How tornadoes are forecasted Meteorologists at the U. National Weather Service use Doppler radar, satellites, weather balloons, and computer modeling to watch the skies for severe storms and tornadic activity.
Doppler radars record wind speeds and identify areas of rotation within thunderstorms. Since Doppler radar has been in use, the warning time for tornadoes has grown from fewer than five minutes in the s to an average of 13 minutes by the late s. When weather conditions are conducive for tornado formation, the National Weather Service issues a tornado watch.
When a tornado has been sighted or indicated on radar, a tornado warning is issued. Some scientists, meteorology buffs, and adrenaline junkies hit the road during tornado season to chase storms.
Researchers race to place sensors in tornadoes’ paths. The sensors measure data such as wind speed, barometric pressure, humidity, and temperature. The challenge for researchers is being in the right place at the right time. They drive through severe storms, dodge lightning, face flash floods, and get pounded by hail—sometimes for years—before ever spotting a tornado.
All at considerable risk. In , National Geographic Explorer Tim Samaras and his team were killed while trying to study a tornado in Oklahoma.
See photos of Samaras’s work.
1 day ago · The tornado first touched down near Interstate 65 at Exit 267 in Fultondale, damaging a shopping complex off Lowery Parkway. It then caused severe damage to hotels along the intersection of Walker …
1 day ago · Tornado Rips Through Birmingham, Ala., Area Leaving At Least 1 Dead, Dozens Injured The brunt of the twister’s damage was sustained in the city of Fultondale, just north of Birmingham. The …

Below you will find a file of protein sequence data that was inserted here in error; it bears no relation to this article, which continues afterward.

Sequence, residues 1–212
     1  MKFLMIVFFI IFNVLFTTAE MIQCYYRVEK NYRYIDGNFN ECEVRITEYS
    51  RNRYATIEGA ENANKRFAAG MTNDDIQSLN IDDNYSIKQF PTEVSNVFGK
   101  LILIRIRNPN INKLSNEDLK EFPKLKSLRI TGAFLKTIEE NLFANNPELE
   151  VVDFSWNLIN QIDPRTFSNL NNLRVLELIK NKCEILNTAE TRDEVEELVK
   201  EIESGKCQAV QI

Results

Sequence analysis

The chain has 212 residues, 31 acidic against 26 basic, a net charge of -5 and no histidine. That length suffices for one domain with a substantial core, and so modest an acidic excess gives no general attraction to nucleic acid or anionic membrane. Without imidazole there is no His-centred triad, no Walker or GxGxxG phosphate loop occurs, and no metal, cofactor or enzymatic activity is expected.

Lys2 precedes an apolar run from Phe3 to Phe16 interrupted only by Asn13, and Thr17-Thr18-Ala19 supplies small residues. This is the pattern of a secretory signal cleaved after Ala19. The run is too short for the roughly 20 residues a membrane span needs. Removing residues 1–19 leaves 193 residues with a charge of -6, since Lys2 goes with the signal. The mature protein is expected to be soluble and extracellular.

1 day ago · Dangerous and deadly tornado hits Fultondale, Alabama. Picture via Twitter. A large and dangerous tornado touched down near Fultondale, Alabama, a northern suburb of Birmingham, just before midnight on Jan. 25, leaving behind a slew of damage with reports of injuries and at least one dead.
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Nov 10, 2020 · Tornadoes can destroy buildings, flip cars, and create deadly flying debris. Tornadoes are violently rotating columns of air that extend from a thunderstorm to the ground. Tornadoes can: Happen anytime and anywhere; Bring intense winds, over 200 MPH; and Look like funnels. IF YOU ARE UNDER A TORNADO WARNING, FIND SAFE SHELTER RIGHT …
A tornado is a violently rotating column of air extending from the base of a thunderstorm down to the ground. Tornadoes are capable of completely destroying well-made structures, uprooting trees, and hurling objects through the air like deadly missiles.
Nov 02, 2016 · Top 10 best tornado video countdown. Tornadoes manifest themselves in all sorts of shapes and sizes. Some are a wondrous bright white, others are dark horri…Author: Pecos Hank